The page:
U2O powder

Image courtesy of
Mitsubishi Nuclear Fuel Company, Limited


fuel pellets

fuel rod assemblies
Images courtesy of U.S. Energy Information Administration


Once placed inside a reactor, the fuel assemblies are rotated three times, at 18-month intervals. When their fuel is exhausted, the asemblies are removed from the reactor and moved to a cooling pond where they spend up to 5 years. During this time they can emit radiation at a rate of up to 5% of their original heat levels. After being removed from the cooling pond, they are sealed in steel or reinforced concrete dry casks for long term storage. Notice in the chart provided below that the activity rate for the spent nuclear fuel (SNF) has numerous additional padioactive pollutants from its time in the reactor.

Image courtesy of World Information Service on Energy - Uranium Project

Gamma-Matter Interaction

There are four possible results when a gamma photon passes through matter. The simplest of these possibilities is that the photon passes through the object without hitting any particles.

A second options is that the photon will hit an atom and be completely absorbed in which case two reactions may occur depending on the binding energy of the electron and the energy of the gamma photon. If the the energy of the gamma photon is less than the binding energy, then the electron will move into an excited state but remain attached. If the energy of the gamma particle is more than the binding energy, then the photoelectric effect occurs and the electron is ejected. The kinetic energy of the electron can be determined by subtracting the binding energy of the electron from the energy of the gamma photon. The photoelectric effect is most likely to take effect when the difference between the binding energy and photon’s energy is small meaning the gamma photon must have low energy or the electron must have a high binding energy. Due to this, the photoelectric effect occurs most frequently when the energy of the gamma particle is less than half a megaelectron volt (MeV).

A third possibility is that the photon will hit an atom and be scattered. Depending on whether or not the photon deposits any energy, two things can happen. If the photon deposits no energy, which only occurs when the photon has little energy, then the gamma particle changes directions while losing very little energy. If the photon does deposit energy in an electron, however, the electron is ejected and the photon is scattered in a random direction with less energy than before which is known as Compton scattering. Compton scattering occurs most frequently when the gamma photon has between 0.5 MeV and 3.5 MeV. Depending on the energy of the emitted photon, it will go through either the photoelectric effect or Compton scattering until all of its energy is gone.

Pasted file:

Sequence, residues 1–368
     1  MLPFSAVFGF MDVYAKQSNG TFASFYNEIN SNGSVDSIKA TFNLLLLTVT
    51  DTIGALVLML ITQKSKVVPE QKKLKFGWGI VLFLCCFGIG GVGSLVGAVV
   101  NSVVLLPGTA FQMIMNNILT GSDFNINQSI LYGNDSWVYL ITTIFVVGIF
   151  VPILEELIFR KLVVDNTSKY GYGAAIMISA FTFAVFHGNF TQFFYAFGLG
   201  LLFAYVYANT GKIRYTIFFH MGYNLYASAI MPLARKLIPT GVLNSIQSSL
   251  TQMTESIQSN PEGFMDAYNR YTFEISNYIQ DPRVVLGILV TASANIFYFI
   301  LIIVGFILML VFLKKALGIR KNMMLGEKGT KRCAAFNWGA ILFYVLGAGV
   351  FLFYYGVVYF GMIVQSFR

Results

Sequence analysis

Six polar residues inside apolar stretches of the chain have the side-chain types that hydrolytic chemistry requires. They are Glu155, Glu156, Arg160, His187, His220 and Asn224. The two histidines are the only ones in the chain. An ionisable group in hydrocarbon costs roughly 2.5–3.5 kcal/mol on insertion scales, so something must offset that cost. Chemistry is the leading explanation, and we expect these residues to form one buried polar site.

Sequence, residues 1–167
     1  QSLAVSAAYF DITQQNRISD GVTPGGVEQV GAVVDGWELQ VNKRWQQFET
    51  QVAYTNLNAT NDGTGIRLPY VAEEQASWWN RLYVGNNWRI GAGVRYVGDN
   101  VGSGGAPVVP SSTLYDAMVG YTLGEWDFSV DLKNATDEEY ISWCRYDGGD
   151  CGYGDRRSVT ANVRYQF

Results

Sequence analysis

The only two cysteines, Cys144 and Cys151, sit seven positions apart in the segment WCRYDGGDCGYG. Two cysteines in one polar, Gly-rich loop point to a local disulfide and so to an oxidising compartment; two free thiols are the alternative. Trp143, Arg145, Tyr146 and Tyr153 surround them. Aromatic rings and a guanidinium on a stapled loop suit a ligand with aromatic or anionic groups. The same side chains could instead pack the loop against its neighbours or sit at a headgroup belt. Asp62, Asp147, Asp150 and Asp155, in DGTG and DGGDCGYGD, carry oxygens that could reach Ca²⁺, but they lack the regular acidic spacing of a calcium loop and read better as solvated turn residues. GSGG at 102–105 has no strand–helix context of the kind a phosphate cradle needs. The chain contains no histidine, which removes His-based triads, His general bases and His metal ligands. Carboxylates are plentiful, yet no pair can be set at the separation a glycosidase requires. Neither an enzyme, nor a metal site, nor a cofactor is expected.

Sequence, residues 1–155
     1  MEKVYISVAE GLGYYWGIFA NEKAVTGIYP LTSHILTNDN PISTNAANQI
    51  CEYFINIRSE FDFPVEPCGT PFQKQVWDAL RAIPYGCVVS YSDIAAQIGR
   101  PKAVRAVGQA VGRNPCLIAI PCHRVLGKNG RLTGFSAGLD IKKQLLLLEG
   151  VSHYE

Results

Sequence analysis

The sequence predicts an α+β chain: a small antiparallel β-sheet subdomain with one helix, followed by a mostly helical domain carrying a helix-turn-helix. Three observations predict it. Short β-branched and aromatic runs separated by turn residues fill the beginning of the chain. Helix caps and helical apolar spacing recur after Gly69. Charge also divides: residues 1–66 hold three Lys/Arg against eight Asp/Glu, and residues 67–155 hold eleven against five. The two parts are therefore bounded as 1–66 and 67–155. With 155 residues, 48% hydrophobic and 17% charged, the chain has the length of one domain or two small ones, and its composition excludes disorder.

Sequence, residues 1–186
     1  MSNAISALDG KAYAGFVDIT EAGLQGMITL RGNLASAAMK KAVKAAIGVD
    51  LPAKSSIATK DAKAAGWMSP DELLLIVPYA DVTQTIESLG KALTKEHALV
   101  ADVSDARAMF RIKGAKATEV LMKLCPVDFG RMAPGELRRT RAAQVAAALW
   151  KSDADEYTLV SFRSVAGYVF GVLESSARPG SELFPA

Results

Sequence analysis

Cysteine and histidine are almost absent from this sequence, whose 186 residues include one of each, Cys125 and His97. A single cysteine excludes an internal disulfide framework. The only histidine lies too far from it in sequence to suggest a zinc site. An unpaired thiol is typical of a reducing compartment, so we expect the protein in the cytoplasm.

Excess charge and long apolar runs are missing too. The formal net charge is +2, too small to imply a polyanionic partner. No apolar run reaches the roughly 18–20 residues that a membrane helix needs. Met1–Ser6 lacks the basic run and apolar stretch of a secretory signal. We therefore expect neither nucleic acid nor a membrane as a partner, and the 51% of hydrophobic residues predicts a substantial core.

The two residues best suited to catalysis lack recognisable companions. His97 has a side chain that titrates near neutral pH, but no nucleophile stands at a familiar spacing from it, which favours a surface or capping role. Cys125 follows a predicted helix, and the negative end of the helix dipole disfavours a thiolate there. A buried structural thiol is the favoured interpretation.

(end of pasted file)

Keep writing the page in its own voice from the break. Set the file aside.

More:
Finaly a process called pair production can occur. In pair production, the gamma particle interacts with the nucleus of an atom and converts energy into matter. Two particles are produced: an electron and a positron each with a mass equal to a rest mass energy of .51 MeV. This is why pair production cannot even occur unless the gamma photon has at least 1.02 MeV. It rarely occurs, however, until the energy levels reach several MeV. The excess energy is converted into kinetic energy that is divided evenly among the two particles. The two particles then zoom off through space either attracting electrons for the positron and repelling electrons for the electron until the positron is captured by an electron and the two particles are destroyed. When this happens two more photons with .51 MeV are produced and they undergo Compton scattering or the photoelectric effect until they lose all of their energy.





 


1Professor William G. Vernetson, email dated 2/23/2011

2Professor William G. Vernetson, email dated 2/25/2011

Cesium
  http://www.epa.gov/rpdweb00/radionuclides/cesium.html#wheredoes

Compton Scattering
  http://www.ndt-ed.org/EducationResources/CommunityCollege/Radiography/Physics/comptonscattering.htm

E-4 UNF Dry Storage
  https://app.fpl.com/energyEncounter/assets/learning-lab/unf/dry/index.jsp

E-4 UNF Wet Storage
  https://app.fpl.com/energyEncounter/assets/learning-lab/unf/wet/index.jsp

Fission Fragment Example
  http://hyperphysics.phy-astr.gsu.edu/hbase/nucene/fisfrag.html#c2

Fuel Assembly Manufacturing
  http://www.mnf.co.jp/pages2/sei2.htm

Fuel Fabrication
  http://www.nrc.gov/materials/fuel-cycle-fac/fuel-fab.html

Gamma Rays Interaction with Matter
  http://www.scribd.com/doc/19387584/Gamma-Rays-Interactions-With-Matter

Geant4 to simulate Photoelectric, Compton, andPair production Events
  http://www.physics.isu.edu/~tforest/Classes/NucSim/Day11/syed_hw12.pdf

Interaction of Electromagnetic Radiation and Matter
  http://www.ndt-ed.org/EducationResources/CommunityCollege/RadiationSafety/theory/interaction.htm

Interaction of Radiation with Matter
  http://www.sprawls.org/ppmi2/INTERACT/

Interaction of gamma radiation with matter
  http://www.iasfbo.inaf.it/~amati/tesi/node31.html

Introduction to Nuclear Power
  http://www.eia.doe.gov/cneaf/nuclear/page/intro.html

Nuclear Chemistry Worksheet #2: Energies of Nuclear Reactions
  http://www.instruction.greenriver.edu/kmarr/Chem%20163/Ch163%20ALEs/1_C163%20POGIL%20ALEs/Chapter%2024%20Nuclear%20Chemistry%20Worksheets/29_Energies%20of%20Nuclear%20Reactions_Spr2010.pdf

Nuclear Chemistry: Uranium Production
  http://www.chemcases.com/nuclear/nc-06.html

Pair Production
  http://trshare.triumf.ca/~safety/EHS/rpt/rpt_2/node20.html

Photoelectric Effect
  http://trshare.triumf.ca/~safety/EHS/rpt/rpt_2/node18.html

Processing: from ore to “yellow cake”
  http://www.areva.com/EN/operations-677/uranium-processing-from-ore-to-yellow-cake.html?mediaDetail=814

Radioactive Decay
  http://www.newworldencyclopedia.org/entry/Beta_ray

Radioactive Equalibrium
  http://www.epa.gov/radiation/understand/equilibrium.html

Strontium
  http://www.epa.gov/rpdweb00/radionuclides/strontium.html#discovered

Supply of Uranium
  http://www.world-nuclear.org/info/inf75.html

Uranium Radiation Properties
  http://www.wise-uranium.org/rup.html#UCONC